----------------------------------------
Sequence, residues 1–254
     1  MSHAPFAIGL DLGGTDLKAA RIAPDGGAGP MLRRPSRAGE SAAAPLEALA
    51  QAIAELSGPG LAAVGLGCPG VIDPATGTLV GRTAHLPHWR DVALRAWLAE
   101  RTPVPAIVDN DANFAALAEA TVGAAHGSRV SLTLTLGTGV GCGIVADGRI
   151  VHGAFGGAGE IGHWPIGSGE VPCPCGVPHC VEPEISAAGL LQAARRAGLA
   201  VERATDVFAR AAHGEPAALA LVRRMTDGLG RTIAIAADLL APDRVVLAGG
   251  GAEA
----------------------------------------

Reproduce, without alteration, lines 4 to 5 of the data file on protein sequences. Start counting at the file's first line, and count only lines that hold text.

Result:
   101  RTPVPAIVDN DANFAALAEA TVGAAHGSRV SLTLTLGTGV GCGIVADGRI
   151  VHGAFGGAGE IGHWPIGSGE VPCPCGVPHC VEPEISAAGL LQAARRAGLA